America may finally be emerging from its long COVID-19 winter as the omicron variant wanes, but the healthcare industry has a long way to go before it will be able to return to anything resembling a pre-pandemic normal.
The strains placed on the healthcare system by the pandemic have exposed significant vulnerabilities that persist to this day. Record staffing shortages that have led to rapidly rising wages and an explosion in the use of personal protective equipment (PPE) expenditures that have left hospitals scrambling to cover unexpected costs. A growing tendency for Medicare and Medicaid to offer insufficient reimbursements for treatments combined with a halt to profit generating elective surgeries have left hospitals to grapple with significant revenue shortfalls.
While Congress has directed funds towards relief for hospitals, this short-term solution has proven uneven. Some providers have been unable to access government funds due to confusing rules and what little money these providers were able to secure was sometimes not enough to cover even the most basic and minimal of pandemic related safety expenses. Such COVID relief funds also do nothing to counteract longer-term hospital funding trends, which indicate a decrease in private and public funding for hospitals. Ultimately, overcoming these challenges will require a broader shift in the hospital industry and more collaborative effort between medical facilities.
COVID Spurs Hospital M&As
In response to these dual challenges, the healthcare industry as a whole has undergone a wave of consolidation to adapt to these broader headwinds. In 2020, during the peak of the pandemic, 79 hospitals underwent some form of consolidation. This trend continued into 2021, when the healthcare industry saw larger, more impactful independent hospitals and health systems merging into even stronger networks of care providers in order to maintain and expand access to care.
There are many ways in which hospital mergers benefit America’s economy and healthcare consumers. As hospitals look to reduce costs, one of the easiest ways to do so without affecting patient outcomes is to streamline administrative operations. Merging into larger healthcare systems allows smaller hospitals to outsource such functions and to reinvest those dollars into patient care. For smaller facilities that merge into larger healthcare networks that also often means access to new sources of capital. This money, in turn, can be used to upgrade facilities and offer new state-of-the-art treatments to patients, resulting in yet more efficiencies and further cost savings.
Most importantly for supporters of the free market is the fact that hospital systems have been able to undergo such consolidation without sacrificing the benefits of market competition or patient care.
Costs Significantly Lower
In fact, a recent study from Charles River Associates found that “hospital acquisitions are associated with statistically significant decreases in both cost and revenue.” On average, the study found that acquired hospitals reduced their net patient revenue by $10.7 million per year, suggesting that prices are lower at hospitals after mergers. Similarly, a study by Watson Health and the Maryland Agency for Healthcare Research and Quality found that after mergers, rural hospitals saw improvements in mortality rates of a number of critical conditions including heart failure, stroke, and pneumonia indicating improvements in patient care post acquisition.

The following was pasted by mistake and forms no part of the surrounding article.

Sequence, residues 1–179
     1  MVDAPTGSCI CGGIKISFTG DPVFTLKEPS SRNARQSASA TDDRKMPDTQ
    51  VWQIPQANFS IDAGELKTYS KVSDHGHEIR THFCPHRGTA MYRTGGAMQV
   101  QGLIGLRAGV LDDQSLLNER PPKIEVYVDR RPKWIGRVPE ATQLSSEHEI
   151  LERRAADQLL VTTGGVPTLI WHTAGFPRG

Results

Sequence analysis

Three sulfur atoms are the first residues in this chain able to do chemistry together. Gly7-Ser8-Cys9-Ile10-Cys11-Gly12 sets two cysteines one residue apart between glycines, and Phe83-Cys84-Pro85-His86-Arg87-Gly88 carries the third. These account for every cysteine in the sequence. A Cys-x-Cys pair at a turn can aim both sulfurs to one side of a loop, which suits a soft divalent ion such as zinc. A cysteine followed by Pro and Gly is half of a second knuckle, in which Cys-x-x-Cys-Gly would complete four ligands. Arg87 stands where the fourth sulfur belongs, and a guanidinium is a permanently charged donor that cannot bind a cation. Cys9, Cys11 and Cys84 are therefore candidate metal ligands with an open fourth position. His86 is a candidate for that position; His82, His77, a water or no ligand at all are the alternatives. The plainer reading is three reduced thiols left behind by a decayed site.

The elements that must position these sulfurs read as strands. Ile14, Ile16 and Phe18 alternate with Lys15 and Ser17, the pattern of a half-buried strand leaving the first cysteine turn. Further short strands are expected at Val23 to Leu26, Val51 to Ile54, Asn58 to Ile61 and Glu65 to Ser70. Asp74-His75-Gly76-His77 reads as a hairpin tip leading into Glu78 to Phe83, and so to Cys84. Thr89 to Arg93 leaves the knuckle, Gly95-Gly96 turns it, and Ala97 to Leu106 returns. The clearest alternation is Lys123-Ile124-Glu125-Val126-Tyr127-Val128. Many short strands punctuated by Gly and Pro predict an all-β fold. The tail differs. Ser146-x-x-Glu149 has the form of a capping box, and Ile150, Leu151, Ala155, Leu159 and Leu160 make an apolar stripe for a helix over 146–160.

Despite such evidence, opposition to healthcare mergers remain. The Federal Trade Commission (FTC) under Lina Khan has shown itself to be skeptical of consolidation in general and the healthcare industry has not been exempt from such skepticism.
Unfortunately, the FTC’s enforcement of “health care competition” is based on an outdated model of healthcare as well as U.S. anti-trust laws that fail to take into account the collaborative natural of the modern healthcare system. The FTC would be wise to remove these unnecessary barriers to consolidation and to sweep aside such outdated information and biases.
In light of the increasing difficulties healthcare facilities are facing, leaders in Washington and regulators at the FTC would be wise to recognize that mergers are often the best and sometimes only option to allow hospitals to continue to serve patients in a cost-effective way.
While every merger should be subjected to an appropriate amount of scrutiny to ensure there is no harm to the consumer, the evidence demonstrates that there are many benefits for hospital mergers that must not be overlooked.
Michael Busler is a public policy analyst and a professor of finance at Stockton University in Galloway, New Jersey, where he teaches undergraduate and graduate courses in finance and economics. He has written op-ed columns in major newspapers for more than 35 years.
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